From Inside the Ellington Band by Nat Hentoff (October, 2006):
“I think,” says trombonist Walter van de Leur about the arrangements of Duke and his alter ego, Billy Strayhorn, “what made the music sound so very special was that you could be the second trombone and have the evening of your life.” Another trombonist, Art Baron, adds that in all the other bands he played in, “I felt like anybody could sit in that chair.” But the way Duke and Strayhorn wrote, “it really mattered what your personality was. You had to have an individual sound in your horn.”
In Stanley Crouch’s new book, Considering Genius: Writings on Jazz (Basic Books)—which will have a permanent place in the canon of jazz criticism—Stanley recalls “Ellington saying that when he heard a particular note, he always had to decide whose note it should be.”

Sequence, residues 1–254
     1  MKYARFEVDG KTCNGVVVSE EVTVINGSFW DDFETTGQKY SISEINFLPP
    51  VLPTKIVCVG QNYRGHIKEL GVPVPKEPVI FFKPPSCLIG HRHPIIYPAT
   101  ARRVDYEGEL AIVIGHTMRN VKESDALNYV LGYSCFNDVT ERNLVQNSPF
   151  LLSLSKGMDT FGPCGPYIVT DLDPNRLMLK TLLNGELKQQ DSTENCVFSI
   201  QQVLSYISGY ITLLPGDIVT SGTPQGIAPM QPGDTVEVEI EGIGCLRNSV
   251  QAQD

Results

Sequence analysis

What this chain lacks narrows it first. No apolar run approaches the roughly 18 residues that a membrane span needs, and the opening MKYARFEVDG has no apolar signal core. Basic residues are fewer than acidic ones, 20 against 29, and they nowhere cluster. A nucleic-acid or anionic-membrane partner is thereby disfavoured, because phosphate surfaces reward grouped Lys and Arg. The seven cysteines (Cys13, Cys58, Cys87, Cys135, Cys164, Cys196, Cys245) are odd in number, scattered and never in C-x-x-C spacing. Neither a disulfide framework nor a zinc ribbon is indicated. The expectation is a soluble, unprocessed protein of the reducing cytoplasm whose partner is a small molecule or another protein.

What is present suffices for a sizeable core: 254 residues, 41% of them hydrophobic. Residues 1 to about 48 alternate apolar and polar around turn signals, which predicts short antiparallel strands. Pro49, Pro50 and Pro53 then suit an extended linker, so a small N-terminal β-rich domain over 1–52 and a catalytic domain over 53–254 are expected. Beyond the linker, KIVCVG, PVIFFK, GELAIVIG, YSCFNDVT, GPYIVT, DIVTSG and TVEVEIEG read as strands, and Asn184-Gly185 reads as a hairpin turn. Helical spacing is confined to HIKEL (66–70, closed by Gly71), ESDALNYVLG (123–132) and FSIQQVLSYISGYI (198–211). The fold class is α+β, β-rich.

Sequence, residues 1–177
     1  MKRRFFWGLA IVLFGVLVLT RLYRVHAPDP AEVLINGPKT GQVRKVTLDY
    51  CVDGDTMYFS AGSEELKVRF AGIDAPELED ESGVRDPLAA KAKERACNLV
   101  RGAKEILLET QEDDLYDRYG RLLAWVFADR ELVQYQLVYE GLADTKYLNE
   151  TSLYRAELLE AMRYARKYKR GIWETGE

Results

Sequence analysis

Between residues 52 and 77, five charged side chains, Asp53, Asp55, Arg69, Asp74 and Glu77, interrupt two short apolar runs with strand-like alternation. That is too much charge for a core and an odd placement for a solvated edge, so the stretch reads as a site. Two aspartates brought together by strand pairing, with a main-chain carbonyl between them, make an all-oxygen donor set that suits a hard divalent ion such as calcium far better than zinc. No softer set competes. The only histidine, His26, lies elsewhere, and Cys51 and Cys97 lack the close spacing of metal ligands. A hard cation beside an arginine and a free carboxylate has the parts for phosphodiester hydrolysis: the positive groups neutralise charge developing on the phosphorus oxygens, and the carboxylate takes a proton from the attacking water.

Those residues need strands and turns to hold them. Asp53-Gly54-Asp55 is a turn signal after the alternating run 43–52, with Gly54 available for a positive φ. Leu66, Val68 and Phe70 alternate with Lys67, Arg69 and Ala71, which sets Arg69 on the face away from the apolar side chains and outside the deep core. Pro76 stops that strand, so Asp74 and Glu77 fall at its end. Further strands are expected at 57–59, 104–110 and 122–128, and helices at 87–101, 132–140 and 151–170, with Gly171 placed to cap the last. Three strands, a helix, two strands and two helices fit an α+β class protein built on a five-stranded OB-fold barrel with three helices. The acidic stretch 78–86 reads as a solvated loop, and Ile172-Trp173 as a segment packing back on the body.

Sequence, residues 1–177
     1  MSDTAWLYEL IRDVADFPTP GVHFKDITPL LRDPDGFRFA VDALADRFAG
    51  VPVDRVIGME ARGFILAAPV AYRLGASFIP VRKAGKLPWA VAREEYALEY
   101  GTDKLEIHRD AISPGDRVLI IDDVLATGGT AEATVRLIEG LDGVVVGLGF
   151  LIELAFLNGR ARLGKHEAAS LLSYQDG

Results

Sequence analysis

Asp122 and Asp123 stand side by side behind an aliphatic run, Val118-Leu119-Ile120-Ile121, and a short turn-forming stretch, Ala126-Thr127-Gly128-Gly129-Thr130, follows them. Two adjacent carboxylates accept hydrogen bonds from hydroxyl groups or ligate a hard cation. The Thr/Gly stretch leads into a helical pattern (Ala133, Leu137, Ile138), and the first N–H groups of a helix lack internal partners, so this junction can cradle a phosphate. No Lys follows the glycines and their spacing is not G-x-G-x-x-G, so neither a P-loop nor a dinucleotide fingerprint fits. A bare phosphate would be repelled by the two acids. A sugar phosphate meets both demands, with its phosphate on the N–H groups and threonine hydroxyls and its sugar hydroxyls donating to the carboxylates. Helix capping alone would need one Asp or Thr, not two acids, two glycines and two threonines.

“A man’s sound,” Duke explained to me long ago, “is his total personality. I hear that sound as I prepare to write, and that’s how I am able to write.” Accordingly, as Stanley Crouch continues, “A given note in Ellington’s three-trombone section could have at least as many different colors as players.”
And during the American Jazz Institute reunion, Art Baron, citing Billy Strayhorn’s arrangement of the standard, “Laura,” says that playing second trombone on that arrangement, “it feels amazing. You feel vibrations in your body. It wasn’t just a note. I heard a story.” And Art Baron was in that story.
And from the album Duke Ellington presents... on the Bethlehem label, here is Laura: